Clinical practice guidelines may be defined as systematically developed statements to assist practitioner and patient decisions about appropriate healthcare for specific clinical conditions. The practice guideline is a management plan that enables healthcare providers to make sequential decisions about testing or therapy in a given clinical situation. Given the heterogeneity of disease presentations and the complexity of making therapeutic decisions, the development of guidelines in neurosurgery presents unique problems and challenges. Clinical practice guidelines were developed in part as a method for the assessment of quality of medical care processes. Practice guidelines serve as a tool for comparisons to be made within and between healthcare delivery systems. The implementation of guidelines also allows for the acquisition of clinical and financial data that provide for outcomes analysis and other types of information. The characterization of patterns of care in different institutions and the relationship between patterns of care and outcomes will in the future allow for quality improvement, enable physicians to offer predictability and accountability to third-party interests, and contribute to an understanding of how to offer the best care to neurosurgical patients.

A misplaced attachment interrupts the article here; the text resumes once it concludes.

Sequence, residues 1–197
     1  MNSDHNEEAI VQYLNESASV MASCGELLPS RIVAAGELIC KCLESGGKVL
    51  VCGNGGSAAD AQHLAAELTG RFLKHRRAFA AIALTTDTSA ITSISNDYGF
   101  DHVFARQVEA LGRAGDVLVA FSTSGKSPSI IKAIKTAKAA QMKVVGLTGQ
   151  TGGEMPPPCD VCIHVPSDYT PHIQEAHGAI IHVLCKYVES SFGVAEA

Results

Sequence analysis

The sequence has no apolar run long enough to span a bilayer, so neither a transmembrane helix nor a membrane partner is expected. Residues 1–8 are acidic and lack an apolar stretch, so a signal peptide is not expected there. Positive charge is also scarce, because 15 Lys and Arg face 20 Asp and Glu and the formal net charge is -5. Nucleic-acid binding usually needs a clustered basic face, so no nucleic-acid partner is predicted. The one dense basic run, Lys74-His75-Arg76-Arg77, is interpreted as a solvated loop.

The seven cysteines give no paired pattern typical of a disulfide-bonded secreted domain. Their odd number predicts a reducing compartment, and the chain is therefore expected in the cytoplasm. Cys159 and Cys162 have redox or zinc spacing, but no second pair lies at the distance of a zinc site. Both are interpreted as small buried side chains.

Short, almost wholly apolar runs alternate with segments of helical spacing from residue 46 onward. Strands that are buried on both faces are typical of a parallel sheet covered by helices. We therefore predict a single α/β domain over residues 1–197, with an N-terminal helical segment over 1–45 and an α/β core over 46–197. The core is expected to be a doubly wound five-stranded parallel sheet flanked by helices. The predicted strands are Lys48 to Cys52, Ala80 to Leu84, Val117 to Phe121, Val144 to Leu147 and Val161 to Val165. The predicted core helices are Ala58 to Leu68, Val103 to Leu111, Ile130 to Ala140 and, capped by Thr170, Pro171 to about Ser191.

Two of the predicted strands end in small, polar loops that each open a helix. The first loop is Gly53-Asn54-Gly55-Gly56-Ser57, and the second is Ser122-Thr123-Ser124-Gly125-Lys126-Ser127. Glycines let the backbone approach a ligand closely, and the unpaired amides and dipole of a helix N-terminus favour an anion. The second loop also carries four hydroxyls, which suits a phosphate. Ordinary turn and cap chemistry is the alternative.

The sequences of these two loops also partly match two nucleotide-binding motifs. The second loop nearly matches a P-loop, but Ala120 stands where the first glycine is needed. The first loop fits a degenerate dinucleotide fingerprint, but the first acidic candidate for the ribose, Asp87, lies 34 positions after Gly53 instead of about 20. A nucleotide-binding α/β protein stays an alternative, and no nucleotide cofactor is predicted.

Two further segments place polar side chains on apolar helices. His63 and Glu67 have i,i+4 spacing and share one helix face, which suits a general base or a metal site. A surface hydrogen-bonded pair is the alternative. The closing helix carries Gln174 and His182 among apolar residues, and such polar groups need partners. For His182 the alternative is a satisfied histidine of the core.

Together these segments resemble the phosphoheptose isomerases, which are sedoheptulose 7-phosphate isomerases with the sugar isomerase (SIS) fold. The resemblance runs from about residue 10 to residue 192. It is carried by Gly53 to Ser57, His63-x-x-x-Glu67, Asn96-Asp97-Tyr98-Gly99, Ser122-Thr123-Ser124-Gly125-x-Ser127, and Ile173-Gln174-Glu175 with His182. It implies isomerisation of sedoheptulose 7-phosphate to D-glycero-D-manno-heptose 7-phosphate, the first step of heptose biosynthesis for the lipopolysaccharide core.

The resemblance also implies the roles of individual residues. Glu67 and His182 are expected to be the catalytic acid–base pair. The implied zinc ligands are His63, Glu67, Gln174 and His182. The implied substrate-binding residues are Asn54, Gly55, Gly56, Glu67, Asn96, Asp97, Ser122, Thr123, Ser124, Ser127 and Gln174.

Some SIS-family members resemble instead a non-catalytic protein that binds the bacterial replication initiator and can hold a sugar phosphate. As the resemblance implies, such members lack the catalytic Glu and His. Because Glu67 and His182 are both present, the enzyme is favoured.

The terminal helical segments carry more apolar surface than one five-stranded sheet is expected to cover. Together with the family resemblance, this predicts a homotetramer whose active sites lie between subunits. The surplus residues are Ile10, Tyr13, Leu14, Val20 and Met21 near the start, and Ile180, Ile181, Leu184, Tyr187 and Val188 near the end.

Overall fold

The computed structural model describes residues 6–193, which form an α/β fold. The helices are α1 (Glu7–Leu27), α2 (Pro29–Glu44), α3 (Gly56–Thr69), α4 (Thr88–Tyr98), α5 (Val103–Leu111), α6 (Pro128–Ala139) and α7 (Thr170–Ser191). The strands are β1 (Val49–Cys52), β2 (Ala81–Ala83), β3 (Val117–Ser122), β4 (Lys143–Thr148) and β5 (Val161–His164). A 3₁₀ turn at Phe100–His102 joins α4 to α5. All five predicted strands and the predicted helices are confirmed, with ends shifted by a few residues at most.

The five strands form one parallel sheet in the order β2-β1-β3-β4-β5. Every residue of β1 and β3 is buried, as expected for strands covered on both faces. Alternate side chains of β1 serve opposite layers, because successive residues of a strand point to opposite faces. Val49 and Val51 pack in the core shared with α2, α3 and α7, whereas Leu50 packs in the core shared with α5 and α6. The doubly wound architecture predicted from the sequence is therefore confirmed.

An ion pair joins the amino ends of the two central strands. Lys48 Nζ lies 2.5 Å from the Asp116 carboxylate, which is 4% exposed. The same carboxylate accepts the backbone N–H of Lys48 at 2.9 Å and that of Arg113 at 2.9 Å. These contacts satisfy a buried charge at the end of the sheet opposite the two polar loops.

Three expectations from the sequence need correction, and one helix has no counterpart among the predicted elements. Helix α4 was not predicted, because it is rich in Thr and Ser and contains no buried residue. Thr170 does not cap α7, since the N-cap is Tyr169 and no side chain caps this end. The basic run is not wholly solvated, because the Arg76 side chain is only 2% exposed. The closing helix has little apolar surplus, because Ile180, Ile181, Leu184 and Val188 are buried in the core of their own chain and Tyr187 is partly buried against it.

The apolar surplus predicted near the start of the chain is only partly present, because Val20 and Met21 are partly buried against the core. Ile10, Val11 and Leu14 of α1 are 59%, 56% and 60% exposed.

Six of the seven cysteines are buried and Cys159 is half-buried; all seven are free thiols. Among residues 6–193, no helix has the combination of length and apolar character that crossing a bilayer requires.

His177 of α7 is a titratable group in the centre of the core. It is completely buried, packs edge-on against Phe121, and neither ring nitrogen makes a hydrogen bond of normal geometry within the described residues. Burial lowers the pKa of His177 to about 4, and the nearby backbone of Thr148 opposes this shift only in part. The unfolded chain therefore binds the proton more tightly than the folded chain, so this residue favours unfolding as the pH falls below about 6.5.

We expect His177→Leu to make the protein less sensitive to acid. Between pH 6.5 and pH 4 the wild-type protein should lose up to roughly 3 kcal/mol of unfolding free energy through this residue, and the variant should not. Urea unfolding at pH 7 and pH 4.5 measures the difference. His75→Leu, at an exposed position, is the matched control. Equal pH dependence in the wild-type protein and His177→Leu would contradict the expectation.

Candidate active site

The author provides an overview of clinical practice guidelines and illustrates their role in the assessment of quality of patient care, demonstrates how they fit into the methodology of quality assessments, and underscores the importances of practice quidelines for the development of disease management systems.